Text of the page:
France downplayed Wednesday a report that Brazil's air force favors a Swedish competitor to French defense contractor Dassault's Rafale fighter jet for an order worth up to $4.4 billion.
Defense minister Herve Morin called the report in Brazilian newspaper Folha de S. Paulo "rumors" and vaunted the superiority of the French jet.
"This is an extremely tough competition and in this type of competition everyone spreads a lot of rumors," Morin said in an interview on French radio station RMC.
Sweden's Gripen NG, made by Saab AB, and U.S.-based Boeing Co.'s F-18 Super Hornet are also in the running for the contract. The newspaper said the Rafale finished last in a technical evaluation carried out by Brazil's air force.
The air force's main objection to the Rafale is its price, which is estimated at double the cost of a Gripen fighter, Tuesday's report in Folha de S. Paulo said. The Gripen was preferred because of the greater opportunity provided by the Swedish group to transfer technology to Brazilian engineers, the report said.
Brazil's air force would not confirm the report, saying only that it has completed its technical evaluation of the three jets but has not yet given the report to the Defense Ministry.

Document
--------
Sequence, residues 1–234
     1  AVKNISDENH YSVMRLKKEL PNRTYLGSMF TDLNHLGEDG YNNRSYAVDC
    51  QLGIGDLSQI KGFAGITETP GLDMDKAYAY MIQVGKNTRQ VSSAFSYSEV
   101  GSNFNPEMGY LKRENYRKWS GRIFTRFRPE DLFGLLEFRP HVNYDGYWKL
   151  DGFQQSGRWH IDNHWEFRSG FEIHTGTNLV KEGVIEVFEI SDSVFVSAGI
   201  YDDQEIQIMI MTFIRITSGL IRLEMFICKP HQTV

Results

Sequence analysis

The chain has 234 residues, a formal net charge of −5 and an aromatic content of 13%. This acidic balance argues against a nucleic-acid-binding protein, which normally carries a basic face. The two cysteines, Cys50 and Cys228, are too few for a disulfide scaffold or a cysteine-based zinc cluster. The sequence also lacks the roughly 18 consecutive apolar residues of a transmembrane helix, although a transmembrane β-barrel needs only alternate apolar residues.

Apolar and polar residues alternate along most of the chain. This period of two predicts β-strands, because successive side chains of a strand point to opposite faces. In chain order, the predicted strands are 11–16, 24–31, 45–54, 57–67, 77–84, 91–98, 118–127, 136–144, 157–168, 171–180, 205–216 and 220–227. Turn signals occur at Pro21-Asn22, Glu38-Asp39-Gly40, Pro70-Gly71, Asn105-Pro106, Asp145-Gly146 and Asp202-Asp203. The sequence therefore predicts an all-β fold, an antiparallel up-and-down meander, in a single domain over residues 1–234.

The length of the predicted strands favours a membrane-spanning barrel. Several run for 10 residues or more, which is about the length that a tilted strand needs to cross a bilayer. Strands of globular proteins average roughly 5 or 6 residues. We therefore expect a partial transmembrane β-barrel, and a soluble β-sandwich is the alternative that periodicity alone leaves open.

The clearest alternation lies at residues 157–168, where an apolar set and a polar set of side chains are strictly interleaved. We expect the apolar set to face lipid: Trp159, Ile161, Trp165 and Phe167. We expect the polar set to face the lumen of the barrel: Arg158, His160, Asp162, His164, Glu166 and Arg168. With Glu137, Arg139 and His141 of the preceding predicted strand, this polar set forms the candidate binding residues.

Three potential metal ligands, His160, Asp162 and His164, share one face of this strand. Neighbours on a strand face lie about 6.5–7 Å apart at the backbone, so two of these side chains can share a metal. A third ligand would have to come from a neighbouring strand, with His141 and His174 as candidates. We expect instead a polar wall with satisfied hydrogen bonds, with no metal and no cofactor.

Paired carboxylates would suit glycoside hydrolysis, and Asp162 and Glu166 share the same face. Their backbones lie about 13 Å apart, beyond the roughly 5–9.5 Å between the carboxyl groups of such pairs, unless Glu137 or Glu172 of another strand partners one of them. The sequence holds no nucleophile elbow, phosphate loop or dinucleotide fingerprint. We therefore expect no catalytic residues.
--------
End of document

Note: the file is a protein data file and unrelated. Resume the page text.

Morin defended the Rafale, saying it was like "a Ferrari compared to the Gripen, which is a Volvo."
A final decision on the order for 36 fighters had been expected last year, with the first deliveries set for 2014. So far Brazil has not announced its choice.
Brazilian Foreign Minister Celso Amorim, meeting with Palestinian leaders in Geneva Wednesday, said the final decision will be up to President Luiz Inacio Lula da Silva. He added that the political -- along with military -- importance of the buy will be weighed.
"Of course we'll study and take into consideration the (military's) report," Amorim said, according to the privately run Agencia Estado news service. "But ... it's the president, with the help of his defense council, who will make the final decision. It won't be an exclusively military decision."
France has struggled to find a foreign buyer for the Rafale. Paris has been trying for years to market the planes -- from Saudi Arabia to India and elsewhere -- but has not yet clinched an export deal.
Brazil's Defense Minister Nelson Jobim has expressed a preference for France's Rafale.
Brazil already has agreed to buy five French Scorpene submarines, one of them with nuclear propulsion, and 50 Cougar helicopters for about $12 billion. All would be assembled in Brazil.